It is a big garden juniper which was rescued from a garden up in the Wirral many years ago, then languished in a pot for many more years before I got my hands on it. It was very weak and had almost no roots, so for the last three or four years after repotting it has been just building up strength (that is another way of saying I have not found the time to work on it). Now it is strong enough and has a good root mass in a loose soil mix (20% garden compost, 80% Perlite). More importantly the live veins have settled down and thickened along the main arteries up to the only living branch. Although there is a lot of green and wood up top, only one thinish branch remains which needs to be fed. This leads to thickening of the live vein along the section feeding it.
My plan, right from the start had always been to graft some Itoigawa whips into the trunk and redevelop the tree with branches lower down and with a workable foliage. The lower trunk is actually quite powerful and if the bottom section only can be used then there is potential for a very powerful, chunky little chuhin sized tree.
Here you can see me hard at work. It does happen every now and again and yes, I do use power tools.
Graft point and whip are prepared. The channel is deep enough so it is at least 50% buried. Cambium layers are revealed and best attempts are made to join the two together.
The whips are screwed into place. I found some mini-screws in Japan which are the absolute best for this purpose, they are only a few mm thick, long and strong. You just have to be careful with the impact driver and not go to quickly. They will never be removed but a few didn't go all the way in before the head got mashed up. They will need to be cut off carefully later.
The foliage on top was reduced to allow sunlight in and also to stimulate the tree into growing. It has realised that half the foliage is gone and puts effort into growth. This will help us with the callusing. The reduced live vein up top and also around the back, is helping to channel the majority of flow around the whips. If this does not happen then the two wont join up.
Due to the rushed nature of the job, I am dubious as to the success rate, I think the back will take but not the front. Still I have more whips and plenty of time. I doubt we will see this tree anywhere near finished in the next ten years. Still, step two in the plan is achieved, we shall have to see how effective it is. It has benefitted from several years of being ignored, now in order to allow it to join and then gain strength, it will be ignored for at least a full season. This time next year will be the next time I will look at working it. If the growth is very vigorous on either the top of the tree or the whips then it may require attention.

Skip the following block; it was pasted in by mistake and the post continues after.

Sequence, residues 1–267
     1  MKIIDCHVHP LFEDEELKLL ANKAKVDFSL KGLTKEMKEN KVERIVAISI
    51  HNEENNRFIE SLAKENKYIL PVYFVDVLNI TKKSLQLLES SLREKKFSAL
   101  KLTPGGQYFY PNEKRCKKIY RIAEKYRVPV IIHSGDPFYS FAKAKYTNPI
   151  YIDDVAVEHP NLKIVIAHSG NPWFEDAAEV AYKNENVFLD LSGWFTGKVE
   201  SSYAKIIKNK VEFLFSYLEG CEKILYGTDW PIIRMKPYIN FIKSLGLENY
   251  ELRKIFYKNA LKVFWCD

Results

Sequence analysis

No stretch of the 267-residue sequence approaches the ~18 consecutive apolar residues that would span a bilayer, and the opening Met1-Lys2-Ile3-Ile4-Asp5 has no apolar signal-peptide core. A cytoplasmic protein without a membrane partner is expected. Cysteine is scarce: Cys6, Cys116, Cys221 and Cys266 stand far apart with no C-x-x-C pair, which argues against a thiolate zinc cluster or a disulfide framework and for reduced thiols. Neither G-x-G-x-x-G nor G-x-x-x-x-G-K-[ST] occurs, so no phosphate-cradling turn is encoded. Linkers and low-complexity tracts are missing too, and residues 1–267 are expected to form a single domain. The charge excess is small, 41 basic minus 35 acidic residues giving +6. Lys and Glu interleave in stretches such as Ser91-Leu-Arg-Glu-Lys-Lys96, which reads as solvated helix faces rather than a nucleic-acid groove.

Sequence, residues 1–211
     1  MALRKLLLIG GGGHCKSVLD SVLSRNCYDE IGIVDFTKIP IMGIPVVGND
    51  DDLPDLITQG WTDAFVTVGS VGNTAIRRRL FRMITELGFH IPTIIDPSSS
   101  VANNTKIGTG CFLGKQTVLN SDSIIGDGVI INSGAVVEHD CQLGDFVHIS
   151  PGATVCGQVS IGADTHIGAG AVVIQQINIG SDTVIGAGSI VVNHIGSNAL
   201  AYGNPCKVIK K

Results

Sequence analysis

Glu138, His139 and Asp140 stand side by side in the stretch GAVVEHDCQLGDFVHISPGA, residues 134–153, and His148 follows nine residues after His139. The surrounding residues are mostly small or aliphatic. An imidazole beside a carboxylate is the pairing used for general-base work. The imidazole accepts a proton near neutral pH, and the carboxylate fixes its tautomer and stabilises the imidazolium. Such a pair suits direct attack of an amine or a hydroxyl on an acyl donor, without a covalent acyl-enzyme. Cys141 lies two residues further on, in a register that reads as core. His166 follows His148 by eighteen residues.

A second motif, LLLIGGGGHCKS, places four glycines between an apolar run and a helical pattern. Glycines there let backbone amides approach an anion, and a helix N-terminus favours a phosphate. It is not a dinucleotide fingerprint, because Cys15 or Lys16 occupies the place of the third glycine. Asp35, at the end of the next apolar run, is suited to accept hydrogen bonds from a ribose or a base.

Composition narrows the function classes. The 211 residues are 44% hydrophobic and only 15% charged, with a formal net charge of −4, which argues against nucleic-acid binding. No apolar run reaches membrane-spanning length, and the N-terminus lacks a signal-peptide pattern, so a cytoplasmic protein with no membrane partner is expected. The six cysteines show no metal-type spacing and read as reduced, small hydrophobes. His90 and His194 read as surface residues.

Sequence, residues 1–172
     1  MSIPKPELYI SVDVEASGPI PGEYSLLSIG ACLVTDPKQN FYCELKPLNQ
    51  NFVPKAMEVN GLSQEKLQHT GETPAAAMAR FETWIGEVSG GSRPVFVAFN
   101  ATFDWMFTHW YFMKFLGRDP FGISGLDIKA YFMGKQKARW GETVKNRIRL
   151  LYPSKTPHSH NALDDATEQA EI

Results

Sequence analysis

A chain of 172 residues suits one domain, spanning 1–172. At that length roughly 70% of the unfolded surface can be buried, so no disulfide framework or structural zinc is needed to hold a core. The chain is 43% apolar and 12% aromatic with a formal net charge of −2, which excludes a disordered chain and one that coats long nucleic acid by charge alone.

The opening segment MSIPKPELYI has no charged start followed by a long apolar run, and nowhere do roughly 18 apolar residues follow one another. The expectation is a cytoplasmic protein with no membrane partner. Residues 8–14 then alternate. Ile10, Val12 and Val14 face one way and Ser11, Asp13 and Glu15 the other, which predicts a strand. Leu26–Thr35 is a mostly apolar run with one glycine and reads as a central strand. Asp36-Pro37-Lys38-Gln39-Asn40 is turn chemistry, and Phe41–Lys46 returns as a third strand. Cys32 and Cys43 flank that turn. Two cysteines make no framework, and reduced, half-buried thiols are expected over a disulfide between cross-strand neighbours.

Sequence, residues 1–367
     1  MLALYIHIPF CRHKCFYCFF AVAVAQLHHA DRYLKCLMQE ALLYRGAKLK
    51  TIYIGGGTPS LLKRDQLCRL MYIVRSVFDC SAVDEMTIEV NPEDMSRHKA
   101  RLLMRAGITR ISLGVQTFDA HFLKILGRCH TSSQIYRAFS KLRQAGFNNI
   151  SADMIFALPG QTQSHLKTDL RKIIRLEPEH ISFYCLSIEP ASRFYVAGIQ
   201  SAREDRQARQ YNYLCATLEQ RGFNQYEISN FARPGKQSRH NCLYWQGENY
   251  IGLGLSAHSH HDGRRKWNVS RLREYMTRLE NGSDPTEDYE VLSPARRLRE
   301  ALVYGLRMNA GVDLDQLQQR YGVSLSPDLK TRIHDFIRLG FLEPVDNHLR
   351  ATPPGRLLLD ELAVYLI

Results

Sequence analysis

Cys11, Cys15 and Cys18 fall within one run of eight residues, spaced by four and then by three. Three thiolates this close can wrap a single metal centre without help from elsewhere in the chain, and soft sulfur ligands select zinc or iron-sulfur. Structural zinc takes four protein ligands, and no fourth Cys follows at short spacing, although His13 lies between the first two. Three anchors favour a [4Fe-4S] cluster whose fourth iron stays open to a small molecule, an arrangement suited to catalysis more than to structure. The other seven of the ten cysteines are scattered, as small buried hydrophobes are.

If we are successful, further reduction of the foliage up top initially to next to nothing, then nothing, along with further thinning of the live vein will be next on the list of jobs to do. It will need to be put into a bonsai pot and more suitable soil mix in the near future after the grafts are full taken. Although I foresee no problems with that, there is a small risk and it is not until I have reached a relatively risk free point will I spend the necessary time on the dead wood. As it is, the deadwood being fairly soft will rot away if too much is done too quickly. So waiting is the key for the moment.
I will do a proper article on it later (if I get chance)
There are some trees which can be made quickly, there are others which require a little more long term view. There are very few trees that have nothing good about them or any redeeming feature. It just depends how long you are prepared to wait and to what lengths you are willing to go.
Text for the book comes slowly at times, quickly at others...possibly due to the fact we are absolutely thrashing India at the moment in the Cricket.
This morning before play started I wrote this, which seems apt...
The fundamental point to remember when appreciating Bonsai is that you are looking at a natural object which has been artificially styled and maintained. The lengths to which this is taken are aesthetic and philosophical decisions, yet the most important fact remains that bonsai is a natural object that is being appreciated, albeit a highly stylised one.
I need a harsh editor I think